This year was another step back for McConnell, who essentially lost his starting role while continuing to struggle at the plate. A broken finger suffered in late June didn't help matters, and he spent July on the disabled list before rehabbing in the AZL. He returned to the Naturals in mid-August but played sparingly thereafter. Defense has always been McConnell's calling card, and it is encouraging that he committed just five errors in 59 games after committing 28 last year for the Blue Rocks. Still, he must hit better if he ever hopes to advance beyond Double-A.

Reflection on 2008 Ranking
After hitting better than .330 during his first two seasons in rookie ball, McConnell was identified by multiple publications as one of the Royals' top infield prospects. Unfortunately, his bat simply hasn't developed as hoped, and he's running out of time as a prospect. McConnell's best shot of breaking into the big leagues was as a utility infielder, but it now seems doubtful that he'll even hit enough to fill that role.


52. Carlos Fortuna, P

2009 Club: Burlington Royals

Stats
G: 13
IP: 50.2
ERA: 4.09
W: 3
L: 6
SV: 1
SO: 43
BB: 25
H: 50
HR: 7
AVG: .259

Comment
This season was a nice step forward for Fortuna, who was 2-2 with a 5.82 ERA in his professional debut last season in Arizona. Considered one of the best young power arms in the system, the young Dominican right-hander put up solid numbers in his first crack at Appy League hitters, holding the league to a .259 batting average against. When we saw him in August, he was working consistently at 91-92 mph with his fastball, occasionally reaching 94. More important, however, was the emergence of a good slurvy breaking ball, which was something he lacked last year in the AZL.

Reflection on 2008 Ranking
We wrote last year that if Fortuna's curveball comes along as hoped, he could become one of the more intriguing arms in the system. That certainly appears to be the case, and he now possesses two potentially plus offerings. The lack of a third pitch right now probably causes him to project better as a power reliever down the road, but he's a tremendous talent worth paying close attention to. He should jump considerably on this year's Top 60.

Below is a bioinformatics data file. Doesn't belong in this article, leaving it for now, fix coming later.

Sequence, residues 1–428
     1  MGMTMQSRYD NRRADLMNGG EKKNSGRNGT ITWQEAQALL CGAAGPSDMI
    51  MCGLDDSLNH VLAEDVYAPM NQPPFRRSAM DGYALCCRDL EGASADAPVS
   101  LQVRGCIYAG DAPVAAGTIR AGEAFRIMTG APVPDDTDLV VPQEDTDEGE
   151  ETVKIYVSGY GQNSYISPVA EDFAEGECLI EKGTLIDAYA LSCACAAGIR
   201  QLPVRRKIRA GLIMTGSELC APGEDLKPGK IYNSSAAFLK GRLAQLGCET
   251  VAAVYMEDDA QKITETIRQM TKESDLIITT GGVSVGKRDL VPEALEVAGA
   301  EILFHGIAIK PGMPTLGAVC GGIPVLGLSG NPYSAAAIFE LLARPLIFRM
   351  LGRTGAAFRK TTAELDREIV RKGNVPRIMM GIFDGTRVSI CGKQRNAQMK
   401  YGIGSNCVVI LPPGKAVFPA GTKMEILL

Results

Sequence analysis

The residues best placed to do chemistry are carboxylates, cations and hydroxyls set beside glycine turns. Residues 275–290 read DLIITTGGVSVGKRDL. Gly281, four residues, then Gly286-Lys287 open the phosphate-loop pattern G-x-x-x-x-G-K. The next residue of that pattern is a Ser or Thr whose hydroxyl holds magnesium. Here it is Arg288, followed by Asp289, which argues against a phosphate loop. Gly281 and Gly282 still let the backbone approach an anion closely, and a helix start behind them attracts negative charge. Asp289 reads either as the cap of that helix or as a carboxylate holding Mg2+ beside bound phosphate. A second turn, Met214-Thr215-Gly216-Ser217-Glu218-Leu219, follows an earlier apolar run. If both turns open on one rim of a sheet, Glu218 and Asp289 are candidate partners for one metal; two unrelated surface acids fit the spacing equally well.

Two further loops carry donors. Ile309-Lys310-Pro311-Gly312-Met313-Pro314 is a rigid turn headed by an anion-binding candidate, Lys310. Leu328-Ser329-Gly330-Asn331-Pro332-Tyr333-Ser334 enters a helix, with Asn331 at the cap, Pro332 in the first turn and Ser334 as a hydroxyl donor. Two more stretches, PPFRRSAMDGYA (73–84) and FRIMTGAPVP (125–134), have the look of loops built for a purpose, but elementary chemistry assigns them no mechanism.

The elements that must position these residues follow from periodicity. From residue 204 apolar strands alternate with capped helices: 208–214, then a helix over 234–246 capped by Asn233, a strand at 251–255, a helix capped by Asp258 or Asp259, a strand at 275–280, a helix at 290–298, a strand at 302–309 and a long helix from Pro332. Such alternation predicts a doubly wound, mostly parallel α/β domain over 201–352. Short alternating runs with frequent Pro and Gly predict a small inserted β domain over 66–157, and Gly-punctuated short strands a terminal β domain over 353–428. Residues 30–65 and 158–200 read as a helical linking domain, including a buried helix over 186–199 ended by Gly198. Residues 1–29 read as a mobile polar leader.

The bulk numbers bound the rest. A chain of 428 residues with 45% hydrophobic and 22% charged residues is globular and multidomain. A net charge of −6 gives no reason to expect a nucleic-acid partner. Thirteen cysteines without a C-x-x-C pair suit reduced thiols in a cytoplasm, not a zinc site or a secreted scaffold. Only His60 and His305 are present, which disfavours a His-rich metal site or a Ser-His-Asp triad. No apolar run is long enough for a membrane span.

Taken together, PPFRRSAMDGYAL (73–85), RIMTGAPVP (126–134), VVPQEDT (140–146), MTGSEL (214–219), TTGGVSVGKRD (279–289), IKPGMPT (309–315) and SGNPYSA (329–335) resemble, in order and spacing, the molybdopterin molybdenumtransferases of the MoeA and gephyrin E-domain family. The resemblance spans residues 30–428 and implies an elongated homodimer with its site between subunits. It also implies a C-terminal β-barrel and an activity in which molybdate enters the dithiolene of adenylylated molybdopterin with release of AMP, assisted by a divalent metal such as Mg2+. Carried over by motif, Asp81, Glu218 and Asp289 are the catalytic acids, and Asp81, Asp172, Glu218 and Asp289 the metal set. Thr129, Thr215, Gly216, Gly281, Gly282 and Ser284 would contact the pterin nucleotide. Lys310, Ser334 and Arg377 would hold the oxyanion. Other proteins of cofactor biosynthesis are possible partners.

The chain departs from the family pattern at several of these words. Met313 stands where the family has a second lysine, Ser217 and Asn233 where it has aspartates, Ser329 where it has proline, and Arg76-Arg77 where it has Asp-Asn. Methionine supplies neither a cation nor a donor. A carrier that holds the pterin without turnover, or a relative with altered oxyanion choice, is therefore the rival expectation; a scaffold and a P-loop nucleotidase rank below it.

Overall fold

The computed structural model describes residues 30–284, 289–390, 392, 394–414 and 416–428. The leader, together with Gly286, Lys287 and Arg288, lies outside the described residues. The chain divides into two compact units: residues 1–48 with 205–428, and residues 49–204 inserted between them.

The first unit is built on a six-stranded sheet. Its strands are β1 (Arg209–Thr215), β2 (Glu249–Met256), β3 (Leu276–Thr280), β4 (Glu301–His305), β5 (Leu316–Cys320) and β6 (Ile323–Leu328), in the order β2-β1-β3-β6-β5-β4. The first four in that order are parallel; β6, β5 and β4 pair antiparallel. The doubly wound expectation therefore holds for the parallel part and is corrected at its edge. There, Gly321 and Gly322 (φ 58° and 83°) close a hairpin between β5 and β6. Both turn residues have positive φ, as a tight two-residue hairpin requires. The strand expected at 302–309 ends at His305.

51. Hilton Richardson, OF

2009 Club: Idaho Falls Chukars, Burlington Bees

Stats (combined)
AB: 192
BA: .292
OBP: .366
SLG: .401
HR: 1
2B: 14
3B: 2
BB: 20
SO: 54
SB: 22
CS: 1

Comment
The Royals always knew Hilton Richardson's bat would take a lot of time to develop, but his sheer athleticism prompted the club to select him in the seventh round of the 2007 draft. After showing good progress in the Appy League last year, the 20-year-old outfielder took a big step forward this year, hitting .313/.392/.428 with 20 stolen bases (in 21 attempts) for the Idaho Falls Chukars. He finished the season in the Midwest League after Bees' outfielder Nick Francis was suspended for 50 games, and it's a safe bet that he'll return there to start next season.

Reflection on 2008 Ranking
We've always loved Richardson's athleticism, but this was the first season where everything seemed to come together for him. In a system short on legitimate outfield prospects, Richardson figures to be one of the best. We expect that he'll probably struggle a bit in full season ball next year, but his 2009 season, along with his tremendous potential, will undoubtedly elevate him on this year's Top 60 list.